More on that later.
As much as we like authentic VPN (Verace Pizza Napoletana) style pizza brick oven pizza with its ultra-thin crust and minimal toppings, there are times that we crave the style of pizza that we ate as kids. And we knew just where to find it in Tucson. Actually, we knew of two places but today we visit Oregano’s Pizza Bistro, one of about twelve Oregano’s in Flagstaff, Phoenix, Scottsdale, and Tucson.
“Lawrence Gibbilini was born on the north side of Chicago in 1918. When the crash of '29 sent the country spiraling into the Great Depression, he, along with his six younger brothers and sisters, helped make ends meet by selling their mother's pizza door-to-door; some say the first pizza delivery ever.
“When he was eighteen, his mother sold her pizza business and decided that Lawrence should go into the bricklaying business with his father. Lawrence had a passion for cooking and refused to give it up completely. On weekends he would throw a large checkered tablecloth over the dining room table, drag up every chair in the apartment and invite all his friends, family and acquaintances over for dinner.
Oregano’s serves all three Chicago-style pizzas—deep dish, stuffed, and thin crust. And it is the thin that we sought—“a style of…pizza
(The red and white checkerboard item hanging from the ceiling looked like an inverted speedboat.)
[NOTE: This seems like a good place to insert an anecdote attributed to Yogi Berra.
“Mr. Berra,” asked the pizza maker, “do you want you pizza cut into six or eight pieces?”
Yogi answered, “Better make it six—I couldn’t eat eight.”
NOTE 2: Could it be that Yogi's response was shorthand for a more elaborate thought process? What if he meant "If there are six slices, psychologically, that sounds that I could eat that much, but if I know there are eight pieces, I will think this is actually more and convince myself that I cannot that much."]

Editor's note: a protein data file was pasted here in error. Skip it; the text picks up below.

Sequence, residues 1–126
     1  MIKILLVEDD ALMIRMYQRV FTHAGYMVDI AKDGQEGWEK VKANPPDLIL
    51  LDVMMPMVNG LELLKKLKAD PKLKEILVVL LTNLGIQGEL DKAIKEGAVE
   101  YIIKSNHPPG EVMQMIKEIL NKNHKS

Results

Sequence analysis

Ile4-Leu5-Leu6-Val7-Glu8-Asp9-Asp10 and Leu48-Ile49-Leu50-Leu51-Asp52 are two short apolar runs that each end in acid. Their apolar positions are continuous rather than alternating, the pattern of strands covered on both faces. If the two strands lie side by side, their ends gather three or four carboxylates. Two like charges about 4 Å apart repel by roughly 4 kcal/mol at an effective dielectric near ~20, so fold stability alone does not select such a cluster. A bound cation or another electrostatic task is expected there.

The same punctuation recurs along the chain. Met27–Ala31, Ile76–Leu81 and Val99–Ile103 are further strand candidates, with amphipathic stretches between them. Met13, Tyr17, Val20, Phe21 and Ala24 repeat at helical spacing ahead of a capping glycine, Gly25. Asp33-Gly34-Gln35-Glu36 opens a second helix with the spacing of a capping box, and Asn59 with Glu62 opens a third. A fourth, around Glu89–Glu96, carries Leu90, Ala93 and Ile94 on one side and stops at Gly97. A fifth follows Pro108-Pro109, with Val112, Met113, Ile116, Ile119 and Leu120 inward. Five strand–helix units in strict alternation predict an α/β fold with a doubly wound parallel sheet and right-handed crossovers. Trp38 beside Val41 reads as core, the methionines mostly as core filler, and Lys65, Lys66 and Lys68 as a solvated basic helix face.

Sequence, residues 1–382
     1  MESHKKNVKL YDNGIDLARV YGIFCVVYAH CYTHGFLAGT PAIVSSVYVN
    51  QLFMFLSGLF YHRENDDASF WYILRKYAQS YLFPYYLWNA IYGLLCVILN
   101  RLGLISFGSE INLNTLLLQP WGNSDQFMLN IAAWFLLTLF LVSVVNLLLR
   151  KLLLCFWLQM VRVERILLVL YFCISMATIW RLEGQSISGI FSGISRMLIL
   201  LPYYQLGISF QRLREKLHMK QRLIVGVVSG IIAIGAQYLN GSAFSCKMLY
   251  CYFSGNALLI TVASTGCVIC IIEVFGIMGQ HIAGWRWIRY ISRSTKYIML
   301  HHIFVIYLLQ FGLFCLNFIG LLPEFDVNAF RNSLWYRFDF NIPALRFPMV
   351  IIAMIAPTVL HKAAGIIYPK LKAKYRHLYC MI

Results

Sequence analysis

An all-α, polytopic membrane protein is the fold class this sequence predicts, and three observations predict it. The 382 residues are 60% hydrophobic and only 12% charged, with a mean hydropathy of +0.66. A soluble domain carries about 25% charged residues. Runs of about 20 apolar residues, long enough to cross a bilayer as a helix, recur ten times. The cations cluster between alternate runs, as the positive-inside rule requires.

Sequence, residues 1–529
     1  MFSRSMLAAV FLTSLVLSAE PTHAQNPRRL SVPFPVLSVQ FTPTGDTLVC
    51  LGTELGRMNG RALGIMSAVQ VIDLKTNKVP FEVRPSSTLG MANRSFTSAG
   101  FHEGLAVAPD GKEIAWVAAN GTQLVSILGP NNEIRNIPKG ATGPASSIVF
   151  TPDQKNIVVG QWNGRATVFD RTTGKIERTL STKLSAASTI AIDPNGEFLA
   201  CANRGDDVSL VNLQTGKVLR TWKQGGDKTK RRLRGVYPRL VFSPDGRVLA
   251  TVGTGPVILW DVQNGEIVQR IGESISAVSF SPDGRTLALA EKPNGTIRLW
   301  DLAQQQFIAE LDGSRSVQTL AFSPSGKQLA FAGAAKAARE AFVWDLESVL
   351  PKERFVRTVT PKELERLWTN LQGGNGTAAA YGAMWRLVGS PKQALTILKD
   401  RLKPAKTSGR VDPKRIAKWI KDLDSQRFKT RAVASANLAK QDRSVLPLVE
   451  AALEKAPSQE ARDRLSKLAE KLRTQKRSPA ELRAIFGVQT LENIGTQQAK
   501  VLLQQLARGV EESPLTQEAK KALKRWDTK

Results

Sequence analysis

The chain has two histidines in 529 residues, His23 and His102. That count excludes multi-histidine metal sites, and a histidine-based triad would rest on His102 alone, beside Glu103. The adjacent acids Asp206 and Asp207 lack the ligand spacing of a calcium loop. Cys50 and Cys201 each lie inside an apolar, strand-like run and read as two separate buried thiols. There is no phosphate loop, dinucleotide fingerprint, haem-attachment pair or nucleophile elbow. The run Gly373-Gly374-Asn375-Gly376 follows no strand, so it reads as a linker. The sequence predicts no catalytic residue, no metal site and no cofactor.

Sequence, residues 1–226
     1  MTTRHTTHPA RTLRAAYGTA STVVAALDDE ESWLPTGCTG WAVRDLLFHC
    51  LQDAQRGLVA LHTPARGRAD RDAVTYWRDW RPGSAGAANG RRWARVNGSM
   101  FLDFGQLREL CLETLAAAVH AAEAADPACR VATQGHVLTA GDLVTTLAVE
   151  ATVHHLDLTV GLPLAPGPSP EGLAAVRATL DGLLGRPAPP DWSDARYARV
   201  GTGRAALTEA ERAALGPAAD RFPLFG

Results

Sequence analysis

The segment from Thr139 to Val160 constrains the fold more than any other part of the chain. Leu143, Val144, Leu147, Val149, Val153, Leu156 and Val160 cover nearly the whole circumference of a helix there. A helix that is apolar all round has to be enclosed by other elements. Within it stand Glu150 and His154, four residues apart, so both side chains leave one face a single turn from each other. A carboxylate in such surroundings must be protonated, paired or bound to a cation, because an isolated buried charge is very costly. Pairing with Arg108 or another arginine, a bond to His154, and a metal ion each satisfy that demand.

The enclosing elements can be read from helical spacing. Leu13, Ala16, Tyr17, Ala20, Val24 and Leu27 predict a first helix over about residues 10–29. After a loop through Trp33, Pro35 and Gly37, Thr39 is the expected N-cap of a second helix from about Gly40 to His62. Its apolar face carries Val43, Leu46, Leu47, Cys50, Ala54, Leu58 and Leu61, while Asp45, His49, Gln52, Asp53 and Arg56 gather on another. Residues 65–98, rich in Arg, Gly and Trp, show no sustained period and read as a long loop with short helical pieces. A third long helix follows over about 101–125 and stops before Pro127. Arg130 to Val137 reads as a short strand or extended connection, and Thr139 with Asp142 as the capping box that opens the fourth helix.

So with anticipation we awaited the arrival of our large cheese (light cheese) and sausage pizza with a thin crust and cut in squares.
The menu stated that the pizzas are made with REAL Wisconsin cheese, but nowhere did I see a reference to this being a blend of cheese. In addition to the mozzarella, I am sure that the mix included cheddar, possibly along with other cheeses. When I order pizza I want mozzarella. Period. And if this is light cheese, I’d hate to see what regular cheese is.
Second, the sausage was tasty. What there was of it. Many squares had at most two skimpy pieces which was not enough to overcome the taste of the cheese.
But the biggest disappointment was the crust. Where was the “noticeable crunch?” Nowhere to be found. In fact, the crust was chewy bordering on leathery.
Well, our craving for old time pizza was not satisfied at this 2.0 Addie stop (and that rating may be generous), but we still have one other restaurant and one other chance.
To review the role of Adler, Kitty Humbug, and the Addie rating system, read the November 14, 2011 blog.